Study shows how palliative care can improve life for heart failure patients
A recent randomized trial conducted by researchers at Abbott Northwestern Hospital, part of Allina Health, found that inpatient palliative care (PC) visits were associated with improved quality of life and symptom burden for patients with heart failure (HF).
Because of these results, Abbott Northwestern conducted a new study, "A Description of Inpatient Palliative Care Actions for Patients with Acute Heart Failure," published June 30 by the American Journal of Hospice and Palliative Medicine. The study aimed to identify and describe what actions PC providers took to create positive outcomes among study patients in the trial.
Models for improved integration of PC into standard HF care have been suggested and included in the American College of Cardiologists and American Heart Association (ACC/ AHA) guidelines but little information is available about implementation of such models. Because much of the existing research on PC for HF focuses on patients with advanced or late-stage disease, gaps exist in evidence-based knowledge about the role of PC for patients with less advanced HF.
This is one of the first studies to describe the actions of PC providers for inpatients with acute HF, regardless of disease progression and without a referral from another clinician identifying PC needs. The findings show that PC for inpatients with HF led to additive actions beyond standard care, especially for pain, and promoted HF-specific goals of care discussions.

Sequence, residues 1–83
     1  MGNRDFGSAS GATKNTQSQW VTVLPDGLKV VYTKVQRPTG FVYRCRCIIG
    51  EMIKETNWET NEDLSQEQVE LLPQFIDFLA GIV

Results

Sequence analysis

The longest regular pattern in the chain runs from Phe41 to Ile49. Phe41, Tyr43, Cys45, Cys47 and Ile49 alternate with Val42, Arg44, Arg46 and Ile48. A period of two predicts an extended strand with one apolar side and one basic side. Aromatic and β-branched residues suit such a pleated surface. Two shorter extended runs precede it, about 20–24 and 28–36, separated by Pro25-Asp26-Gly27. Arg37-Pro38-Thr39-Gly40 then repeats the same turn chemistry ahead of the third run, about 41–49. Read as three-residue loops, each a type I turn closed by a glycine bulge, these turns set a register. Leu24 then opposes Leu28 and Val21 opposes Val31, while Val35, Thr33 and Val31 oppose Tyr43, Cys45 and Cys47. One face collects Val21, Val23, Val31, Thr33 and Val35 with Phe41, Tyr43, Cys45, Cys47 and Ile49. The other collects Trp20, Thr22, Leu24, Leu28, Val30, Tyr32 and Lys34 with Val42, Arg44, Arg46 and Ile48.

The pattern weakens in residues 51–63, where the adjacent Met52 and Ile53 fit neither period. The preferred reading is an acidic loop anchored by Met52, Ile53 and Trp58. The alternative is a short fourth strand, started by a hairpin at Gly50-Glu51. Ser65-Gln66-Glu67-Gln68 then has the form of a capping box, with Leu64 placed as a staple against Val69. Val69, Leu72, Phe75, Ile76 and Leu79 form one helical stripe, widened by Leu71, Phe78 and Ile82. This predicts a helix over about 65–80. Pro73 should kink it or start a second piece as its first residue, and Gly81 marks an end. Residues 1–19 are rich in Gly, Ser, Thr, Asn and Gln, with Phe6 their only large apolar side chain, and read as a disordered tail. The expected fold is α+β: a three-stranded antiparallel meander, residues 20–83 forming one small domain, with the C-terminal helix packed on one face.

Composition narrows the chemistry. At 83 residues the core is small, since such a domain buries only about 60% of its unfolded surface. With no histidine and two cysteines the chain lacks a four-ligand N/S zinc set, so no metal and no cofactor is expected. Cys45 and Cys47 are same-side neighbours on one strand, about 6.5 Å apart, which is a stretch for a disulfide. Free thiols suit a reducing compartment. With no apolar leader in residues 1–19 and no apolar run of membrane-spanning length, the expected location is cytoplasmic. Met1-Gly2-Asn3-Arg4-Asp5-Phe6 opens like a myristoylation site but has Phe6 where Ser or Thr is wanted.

"More than five million Americans are living with HF and almost 50 percent will die within five years of the diagnosis. HF is a disease characterized by hospitalizations and varying degrees of symptoms like shortness of breath, swollen ankles and fatigue.
"Adding PC to usual care not only assists with minimizing symptoms, but perhaps and even more importantly, starts the conversation about HF specific goals of care and future care planning. Providing the opportunity for HF patients to receive PC is one way Allina Health honors their commitment of providing exceptional care," said Ann Jorgenson, RN, lead author and researcher with the Division of Applied Research of Allina Health.
This peer-reviewed article discusses how symptom burden and complex decision-making faced by patients with HF are important and may contribute to overall health status, quality of life, and likelihood of readmission. The publication describes next steps for the future of this PC research.
"Developing a systematic approach to identifying patients with PC needs and sustaining access to PC across the course of illness may provide opportunities for providers to more adequately address symptoms of anxiety and depression and facilitate future care planning," said Jorgenson.